Yes, there was an apparent golden age of print advertising:
(Although the nostalgia may add to our appreciation of these.)
Ads work better in print for the reasons you state, and I’d like to explore them in a post. There’s something about intrusion, control and even etiquette – inserting an ad into a web page is just plain rude (especially on a mobile), but is generally OK in a newspaper.
There have been online attempts to make less rude, “tasteful” advertising, but these have failed. The Deck was a kind of artisinal advertising network for trendy sites.
Jeremy’s idea for contextual advertising is more ethical than surveillance advertising (and is basically how Google search ads work, I think), but you still have the problem of inserting ads somewhere on a web page without annoying the reader, or misleading them by not displaying them as adverts. I know Google makes zillions of dollars a year from search ads, but I’m not really convinced they actually work that well.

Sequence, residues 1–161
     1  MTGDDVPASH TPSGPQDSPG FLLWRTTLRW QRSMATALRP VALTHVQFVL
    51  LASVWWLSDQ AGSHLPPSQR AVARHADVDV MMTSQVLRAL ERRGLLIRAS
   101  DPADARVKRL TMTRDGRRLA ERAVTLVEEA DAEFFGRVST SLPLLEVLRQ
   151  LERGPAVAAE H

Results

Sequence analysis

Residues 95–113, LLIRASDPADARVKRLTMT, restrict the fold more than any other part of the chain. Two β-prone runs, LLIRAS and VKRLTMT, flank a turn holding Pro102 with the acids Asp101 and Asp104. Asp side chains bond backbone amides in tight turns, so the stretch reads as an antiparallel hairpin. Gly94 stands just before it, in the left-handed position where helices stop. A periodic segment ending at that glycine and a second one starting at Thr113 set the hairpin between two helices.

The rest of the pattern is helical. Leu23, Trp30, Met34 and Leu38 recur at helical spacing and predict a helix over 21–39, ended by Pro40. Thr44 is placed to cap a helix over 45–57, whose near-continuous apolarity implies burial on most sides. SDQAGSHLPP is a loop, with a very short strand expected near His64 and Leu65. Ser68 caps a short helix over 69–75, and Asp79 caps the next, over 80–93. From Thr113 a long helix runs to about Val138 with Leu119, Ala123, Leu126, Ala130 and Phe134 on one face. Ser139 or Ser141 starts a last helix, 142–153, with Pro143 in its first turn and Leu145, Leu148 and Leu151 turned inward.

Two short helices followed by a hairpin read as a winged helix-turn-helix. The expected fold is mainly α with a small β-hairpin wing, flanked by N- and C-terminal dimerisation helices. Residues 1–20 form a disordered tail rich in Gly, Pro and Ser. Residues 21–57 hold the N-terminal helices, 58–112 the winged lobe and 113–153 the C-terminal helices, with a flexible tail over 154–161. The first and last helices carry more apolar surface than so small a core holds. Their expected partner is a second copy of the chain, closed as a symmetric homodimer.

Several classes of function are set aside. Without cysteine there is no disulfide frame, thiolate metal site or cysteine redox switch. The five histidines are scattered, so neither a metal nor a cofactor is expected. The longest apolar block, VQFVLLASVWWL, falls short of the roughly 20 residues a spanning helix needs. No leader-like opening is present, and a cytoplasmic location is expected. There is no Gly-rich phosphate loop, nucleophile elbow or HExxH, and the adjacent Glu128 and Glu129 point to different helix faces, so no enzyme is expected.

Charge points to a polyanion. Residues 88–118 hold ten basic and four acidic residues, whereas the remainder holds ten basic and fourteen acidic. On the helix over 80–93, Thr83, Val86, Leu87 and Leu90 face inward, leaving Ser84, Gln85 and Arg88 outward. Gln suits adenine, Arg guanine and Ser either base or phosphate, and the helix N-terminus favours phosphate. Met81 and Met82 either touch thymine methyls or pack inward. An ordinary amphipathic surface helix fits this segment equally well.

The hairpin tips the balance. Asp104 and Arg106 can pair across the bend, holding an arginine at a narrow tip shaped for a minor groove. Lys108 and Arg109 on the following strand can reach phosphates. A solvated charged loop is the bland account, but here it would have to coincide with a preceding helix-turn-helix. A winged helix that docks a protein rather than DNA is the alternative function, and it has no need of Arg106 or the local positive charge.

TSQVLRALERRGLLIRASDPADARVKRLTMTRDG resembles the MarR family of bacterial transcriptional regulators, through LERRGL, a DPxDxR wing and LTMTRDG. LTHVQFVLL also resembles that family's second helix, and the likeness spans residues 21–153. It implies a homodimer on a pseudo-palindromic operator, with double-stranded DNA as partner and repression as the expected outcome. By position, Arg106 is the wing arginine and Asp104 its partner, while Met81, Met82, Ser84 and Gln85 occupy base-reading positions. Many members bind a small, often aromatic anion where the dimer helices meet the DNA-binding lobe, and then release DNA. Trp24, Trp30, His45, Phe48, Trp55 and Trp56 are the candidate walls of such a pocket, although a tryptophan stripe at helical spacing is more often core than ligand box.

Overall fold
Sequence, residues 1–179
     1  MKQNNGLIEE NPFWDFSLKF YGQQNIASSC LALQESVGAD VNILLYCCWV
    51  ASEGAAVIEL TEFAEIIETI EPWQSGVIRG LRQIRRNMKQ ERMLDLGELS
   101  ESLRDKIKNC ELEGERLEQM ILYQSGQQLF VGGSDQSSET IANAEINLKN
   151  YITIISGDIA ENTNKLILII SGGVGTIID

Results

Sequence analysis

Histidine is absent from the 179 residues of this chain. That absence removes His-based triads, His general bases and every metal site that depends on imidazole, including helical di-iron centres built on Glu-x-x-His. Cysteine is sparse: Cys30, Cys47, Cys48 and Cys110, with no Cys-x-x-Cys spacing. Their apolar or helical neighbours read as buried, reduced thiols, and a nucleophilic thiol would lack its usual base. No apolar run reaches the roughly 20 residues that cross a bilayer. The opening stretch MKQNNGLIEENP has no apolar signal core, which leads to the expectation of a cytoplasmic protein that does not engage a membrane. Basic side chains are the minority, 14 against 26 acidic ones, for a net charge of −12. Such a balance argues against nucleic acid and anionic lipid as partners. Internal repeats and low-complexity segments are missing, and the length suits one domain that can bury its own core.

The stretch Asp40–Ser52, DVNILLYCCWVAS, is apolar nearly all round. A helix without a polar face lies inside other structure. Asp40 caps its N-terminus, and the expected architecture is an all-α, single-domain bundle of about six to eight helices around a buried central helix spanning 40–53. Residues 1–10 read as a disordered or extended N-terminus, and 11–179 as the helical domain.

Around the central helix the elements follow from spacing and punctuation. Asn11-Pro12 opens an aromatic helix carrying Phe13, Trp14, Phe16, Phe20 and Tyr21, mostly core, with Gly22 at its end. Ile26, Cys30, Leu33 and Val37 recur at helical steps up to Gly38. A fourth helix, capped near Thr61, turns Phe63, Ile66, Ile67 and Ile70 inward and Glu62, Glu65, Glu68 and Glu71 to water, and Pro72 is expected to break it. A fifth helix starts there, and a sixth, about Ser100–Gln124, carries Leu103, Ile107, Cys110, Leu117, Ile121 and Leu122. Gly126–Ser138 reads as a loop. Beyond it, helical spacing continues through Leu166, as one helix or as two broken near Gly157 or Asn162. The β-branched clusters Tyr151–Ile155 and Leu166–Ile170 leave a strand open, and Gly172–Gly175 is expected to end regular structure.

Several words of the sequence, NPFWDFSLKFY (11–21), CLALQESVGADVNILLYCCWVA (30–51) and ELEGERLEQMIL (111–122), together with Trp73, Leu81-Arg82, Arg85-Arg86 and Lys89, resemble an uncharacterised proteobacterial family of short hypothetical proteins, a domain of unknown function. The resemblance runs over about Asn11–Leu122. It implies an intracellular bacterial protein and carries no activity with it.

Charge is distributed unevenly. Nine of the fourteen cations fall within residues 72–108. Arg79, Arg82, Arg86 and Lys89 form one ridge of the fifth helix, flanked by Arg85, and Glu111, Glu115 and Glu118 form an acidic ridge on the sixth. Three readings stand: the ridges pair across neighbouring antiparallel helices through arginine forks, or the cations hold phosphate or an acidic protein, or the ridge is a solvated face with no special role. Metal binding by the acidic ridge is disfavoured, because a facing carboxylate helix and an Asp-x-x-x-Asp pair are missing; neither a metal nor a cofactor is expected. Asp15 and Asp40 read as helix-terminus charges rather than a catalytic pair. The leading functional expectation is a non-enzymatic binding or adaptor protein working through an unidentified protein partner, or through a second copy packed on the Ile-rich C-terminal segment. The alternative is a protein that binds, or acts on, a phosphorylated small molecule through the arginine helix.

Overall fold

Maybe in an ideal world the only online advertising we’d have is the up front, classified site such as Craigslist. But I think that only really works when you have a very specific requirement (I need to find a plumber, a second hand sofa etc.) You wouldn’t get Nike advertising on Craigslist.
In a way, the web itself is one huge advertising network…
So how would Nike advertise its trainers online? I guess advertising could have moved from the product supplier to the user, via review sites, blogs and social media, or to high profile users. Get someone like Ronaldo to do something on Instagram. (My idea for a post begins to breakdown here 😃).